STAFF NEWS & ANALYSIS
Greece – Back From the Brink?
By Staff News & Analysis - February 04, 2015

Greek debt: growing acknowledgment that it is simply unsustainable and some accommodation will be necessary … Approach has much to commend it and deserves a hearing in EU capitals … The whistlestop tour of European capitals by Greece's new leaders is finding doors if not wide open, at least ajar. The mood music is still that Greece must honour its debts, that forgiveness is out, but a subtheme is emerging – an acknowledgment that the debt is simply unsustainable and that some accommodation will be necessary. Michel Sapin, France's socialist finance minister, who met his Greek counterpart on Sunday insisted Greece would have to pay off its debt in full, but spoke of "new contract" for Greece. – Irish Times

Dominant Social Theme: Syriza is a disaster for the EU.

Free-Market Analysis: We recently pointed out in an article – "Grexit: The Footsteps Grow Louder … Could the EU Blow Apart?" – that Germans might be very unhappy with a rescheduling of Greek debt. But that looks like what is happening.

The proximate mechanism is a proposal by Prime Minister Alexis Tsipras and Finance Minister Yanis Varoufakis to "repay all the €315 billion old debt, but [as] growth-linked bonds that would pay their way only as the economy recovered."

Greece would thus "run an operational surplus of some 1-1.5 per cent, albeit in breach of their troika commitments." The intention is also to do more to combat tax evasion among the wealthy.

Here's more:

The approach has much to commend it, and deserves a hearing in EU capitals. The rescheduling of debt through bond issues would have the same effect as partial debt forgiveness, but is qualitatively different politically – German and Finnish parliamentarians can be told the Greeks are honouring their debt. And the link to growth would ensure the debt repayments were not contributing any more to the downward spiral of austerity.

Although Syriza has already reversed some elements of its predecessor's troika-mandated austerity programme, not least in rehiring of 12,000 civil servants, there is a strong case that despite its inexperience it is better placed to see through main elements of the sort of structural reforms creditors will require. It does not have the ties to the oligarchs and bankers whose dead hand has in the past held back reform. Who better to prepare banking recapitalisation and restructuring? Who better to shake up the sclerotic tax system?

But there's many a slip between cup and lip. France and Germany are deeply unhappy with Tsipras talk of repudiating the second bail-out and its conditions. They say that Greece, although not legally bound to complete the second bailout, would risk bankruptcy through its repudiation. Erkki Liikanen, Finland's central bank chief, has warned that the ECB would be forced to cut off lending for its banks if the government left the bail-out. On Tuesday three banks tapped ECB emergency liquidity funding. Time is running out.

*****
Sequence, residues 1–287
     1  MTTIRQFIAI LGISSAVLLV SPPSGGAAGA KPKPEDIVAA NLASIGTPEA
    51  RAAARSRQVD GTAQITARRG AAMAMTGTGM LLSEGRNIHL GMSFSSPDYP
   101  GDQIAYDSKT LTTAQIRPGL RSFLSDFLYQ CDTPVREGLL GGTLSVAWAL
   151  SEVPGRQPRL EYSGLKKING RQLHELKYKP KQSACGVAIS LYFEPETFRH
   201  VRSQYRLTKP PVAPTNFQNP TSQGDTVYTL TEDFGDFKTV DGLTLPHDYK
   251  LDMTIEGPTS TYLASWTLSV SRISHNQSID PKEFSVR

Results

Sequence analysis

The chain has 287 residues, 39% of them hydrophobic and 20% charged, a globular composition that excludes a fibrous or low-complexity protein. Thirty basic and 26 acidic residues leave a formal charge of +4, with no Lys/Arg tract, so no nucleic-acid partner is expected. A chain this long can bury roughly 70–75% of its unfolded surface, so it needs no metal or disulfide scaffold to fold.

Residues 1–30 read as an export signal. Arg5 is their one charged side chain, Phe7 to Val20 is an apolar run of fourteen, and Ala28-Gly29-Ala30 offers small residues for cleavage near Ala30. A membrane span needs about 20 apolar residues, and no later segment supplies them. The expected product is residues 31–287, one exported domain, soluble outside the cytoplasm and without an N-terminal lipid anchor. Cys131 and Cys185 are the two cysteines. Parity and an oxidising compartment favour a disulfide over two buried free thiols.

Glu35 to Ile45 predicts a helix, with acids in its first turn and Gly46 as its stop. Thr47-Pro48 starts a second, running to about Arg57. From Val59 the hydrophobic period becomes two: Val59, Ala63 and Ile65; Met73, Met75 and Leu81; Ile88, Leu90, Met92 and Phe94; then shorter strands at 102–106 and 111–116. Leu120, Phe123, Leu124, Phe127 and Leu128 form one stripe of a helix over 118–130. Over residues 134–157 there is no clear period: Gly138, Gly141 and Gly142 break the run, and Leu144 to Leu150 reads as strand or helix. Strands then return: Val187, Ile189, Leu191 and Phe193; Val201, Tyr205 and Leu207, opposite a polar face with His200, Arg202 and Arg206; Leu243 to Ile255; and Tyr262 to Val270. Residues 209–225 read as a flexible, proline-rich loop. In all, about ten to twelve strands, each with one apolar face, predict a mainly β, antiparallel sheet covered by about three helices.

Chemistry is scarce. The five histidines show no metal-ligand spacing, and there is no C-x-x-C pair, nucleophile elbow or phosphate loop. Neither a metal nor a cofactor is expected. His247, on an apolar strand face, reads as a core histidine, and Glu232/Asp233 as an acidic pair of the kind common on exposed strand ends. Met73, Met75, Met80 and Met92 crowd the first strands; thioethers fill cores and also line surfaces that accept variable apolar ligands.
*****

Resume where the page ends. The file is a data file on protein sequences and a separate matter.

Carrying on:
We can see from the above how deep the currents run regarding the upcoming negotiations. Syriza, for instance, is probably not so radical as it is made out to be. Contacts between top Syriza officials and the very topmost elites of Europe may be considerably more collegial than commonly reported. Additionally, the ascendency of Syriza provides Europe with an opportunity to renegotiate "austerity" pacts throughout the Eurozone.

One can look at what's going on in two ways. First, it is the extension of a deliberate dialectic. Having established the boundaries of austerity, Europe's leaders are now creating a scenario in which they can back away from the most Draconian elements.

Why would they want to? Because the point of austerity was perhaps always to establish the primacy of Brussels in service of a Greater Union. Now that the dialogue has been established, various modifications can be discussed.

The discussion itself should further a new meme – one that asserts "Brussels is in charge." The dialectic regularizes this new political configuration. The conversation makes the new powers of Brussels familiar and thus ever more acceptable. And so the European state expands.

There is, however, another perspective to explore regarding the ongoing Greek episode. And that involves the way the dialectic is shifting. One can postulate that Europe's internationalist leaders have wanted to secure a position of austerity close to what is now in force.

However, Europe itself is increasingly ablaze both socio-politically and economically as the Great Recession continues without letup. Meanwhile, Greek central bankers struggle with an overly subdued rate of inflation that is making it difficult for Europe to grow its way out of various debt traps.

It could be – and we have made this point before – that an increased awareness among the general public as to how Europe is ruled and its economics manipulated is making an expansion of the dialectic necessary, even critical. It is not just Greece, after all. Europe has experienced a significant rise in political parties that represent public dissatisfaction with the status quo.

One can claim these entities are all to a degree manipulated out of Brussels and London's City, but the larger point we would make is that there seems to be a recognition that the boundaries of the current conversation must change.

A new profile is being regularized, a "United States of Europe." But there is danger here for those who wish to control the upcoming conversation and move it toward a desired (authoritarian) conclusion. The danger is that powerful sociopolitical currents will, in fact, move the dialectic far beyond its intended "goalposts."

After Thoughts

This is a risk Europe's globalists are apparently willing to take. But perhaps it is because they have no choice.

Posted in STAFF NEWS & ANALYSIS
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